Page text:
[O]ur Peak Oil problem is a case of simple mathematics.
‘We stopped finding large oil fields 40 years ago. The production from those fields decreases every year and we simply can’t bring enough smaller fields on fast enough to offset those declines and grow daily oil production….
‘The demand side of the equation is no help either. Population grows every year. And the most populous countries in the  world grow per capita oil production every year as well. When you consider how many people are in China, India and other emerging countries and then consider how little oil each of them uses, it isn’t hard to see that changes in their lifestyle to include more oil consumption will make a big difference.’ [quoting John Hess, CEO Hess Corp]

The challenges will only become more onerous as time passes. For all the billions of barrels of fossil fuel resources still to be produced, the truth is that successfully doing so will require more investments, more energy used in the process, longer time lines, a variety of geopolitical concerns, technological hurdles, and sufficiently high prices [for starters] to provide any semblance of adequate supply in the years ahead.

Having sort of enough today, in a world economy treading water resulting in a decline in demand and economic factors producing a short-term oversupply, is not the answer to our future energy supply needs. Foolish/disingenuous/fact-averse statements still suggesting we have ample resources to last us all forever and a day still never manage to explain all of those incidental but absolutely vital factors about the future of fossil fuel production.




Deliberately misleading the public is not an accident, and it is not being done to help them today or tomorrow.

We’re not going to wake up on a Tuesday morning X number of years from now and suddenly discover there is no more oil to be had, which is an unstated but obvious message peak oil deniers hope to convey to the unsuspecting public, judging by the steady stream of juvenile arguments still being made. If it weren’t for phony straw man arguments to prop them up, what would they do and say to convince the public that there’s nothing to worry about?

As inconvenient a reality as it may be, fossil fuels are still finite resources. They continue to be drawn down every day; it continues to be more expensive and energy-intensive to maintain supply; exporters are still keeping more for themselves, and once again we leave another day behind when meaningful discussions and contributions from those in the know have not taken place.

Hoping that peak oil means either a cataclysmic one-time event will happen, or else it is an entire phony concept, is certainly a strategy and a plan to contest what peak oil proponents continue to suggest. As strategies and plans go, they both suck! But given they have not much else other than variations of the same themes with carefully-scripted wordings, they’ll continue to go with what got us all here. That’s not necessarily a good place.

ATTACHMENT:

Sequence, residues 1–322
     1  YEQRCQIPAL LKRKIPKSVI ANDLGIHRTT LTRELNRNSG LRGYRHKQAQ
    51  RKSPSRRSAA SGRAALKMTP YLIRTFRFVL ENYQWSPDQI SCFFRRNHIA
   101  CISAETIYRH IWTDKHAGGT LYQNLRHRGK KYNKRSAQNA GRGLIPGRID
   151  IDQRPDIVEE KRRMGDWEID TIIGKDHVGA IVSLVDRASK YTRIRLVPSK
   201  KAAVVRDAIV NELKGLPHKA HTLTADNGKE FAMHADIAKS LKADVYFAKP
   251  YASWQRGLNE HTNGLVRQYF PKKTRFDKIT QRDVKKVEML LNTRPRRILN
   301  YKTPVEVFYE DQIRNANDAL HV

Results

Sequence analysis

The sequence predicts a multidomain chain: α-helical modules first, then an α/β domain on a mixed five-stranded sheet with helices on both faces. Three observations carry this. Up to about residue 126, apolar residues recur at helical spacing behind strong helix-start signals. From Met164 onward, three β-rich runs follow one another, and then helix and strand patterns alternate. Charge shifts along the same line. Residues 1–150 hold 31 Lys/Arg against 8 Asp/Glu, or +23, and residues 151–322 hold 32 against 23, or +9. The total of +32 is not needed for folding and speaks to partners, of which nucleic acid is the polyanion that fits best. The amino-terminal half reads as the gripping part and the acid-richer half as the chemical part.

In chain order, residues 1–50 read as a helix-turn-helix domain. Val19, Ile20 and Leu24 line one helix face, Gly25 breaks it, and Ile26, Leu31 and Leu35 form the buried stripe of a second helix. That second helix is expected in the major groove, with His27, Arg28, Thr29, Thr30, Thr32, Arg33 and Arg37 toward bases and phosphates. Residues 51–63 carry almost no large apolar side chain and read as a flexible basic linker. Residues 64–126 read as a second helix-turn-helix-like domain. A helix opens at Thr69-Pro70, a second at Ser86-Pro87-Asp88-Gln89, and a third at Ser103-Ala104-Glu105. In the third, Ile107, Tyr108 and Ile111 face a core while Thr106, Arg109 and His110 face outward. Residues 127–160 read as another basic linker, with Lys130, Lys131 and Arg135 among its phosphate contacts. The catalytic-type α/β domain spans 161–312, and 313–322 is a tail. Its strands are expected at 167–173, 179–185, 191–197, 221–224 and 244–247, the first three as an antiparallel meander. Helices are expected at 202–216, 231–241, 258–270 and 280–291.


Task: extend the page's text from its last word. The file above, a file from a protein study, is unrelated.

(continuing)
Advanced degrees in fossil fuel production isn’t required to appreciate that when a plentiful, magnificently-adaptable resource starts out as finite and remains so, the magnificent adaptations and usages developed over decades and used with greater variety by more people with more plans for more usage will collide with the truth which has remained so since the moment it was first discovered: it is still finite, and there is much less of it now than before. That won’t change, and we have neither the time nor the investment resources nor the technologies to extract those untold billions and trillions of barrels of resources in a time frame anywhere close to satisfying the needs of billions among us.

A moment’s reflection should suggest that given the ongoing expansion of this ever-developing problem and the countless ways it will impact countless individuals, companies, communities, economies, and nations, starting to plan now for what will have to be done is a better decision than wishing/hoping based on not much more than blind faith.

Those are the inconvenient and daunting realities about our fossil fuel supply. Being fooled into thinking that because it’s not really much of a problem, if it is at all, today or tomorrow or next year is not the answer. We need more of us to appreciate that fact, and more honest distribution of the positive aspects as well as the challenges ahead from those who know. One-sided contributions won’t cut it.



~ ~ ~


Note to readers: In addition to my other blogs and writings at, I invite you to enjoy some brief excepts from my eBook political thriller:

The Tretiak Agenda

They began [here] on June 15, and will continue weekly throughout the summer



~ My Photo: The cove at Brier Neck, Gloucester MA – 04.17.16



We face a choice going forward. There’s a kind of false dichotomy, a false choice that we’re being presented between policies on the left or policies on the right. It’s not left or right, it’s forward or backward. It’s a choice between investing in the future, leaving a better future for the next generation just like parents and grandparents did for us, or ignoring these hard choices and sentencing the next generation to a lower standard of living, to fewer opportunities, and a future that we could do better by. [With apologies for prior incorrect attribution: former] USDOT Deputy Secretary John Porcari

Looking Left and Right:
Inspiring Different Ideas,
Envisioning Better Tomorrows


Peak Oil Matters offers observations and insights about the realities of declining fossil fuel production, and its impact on our future well-being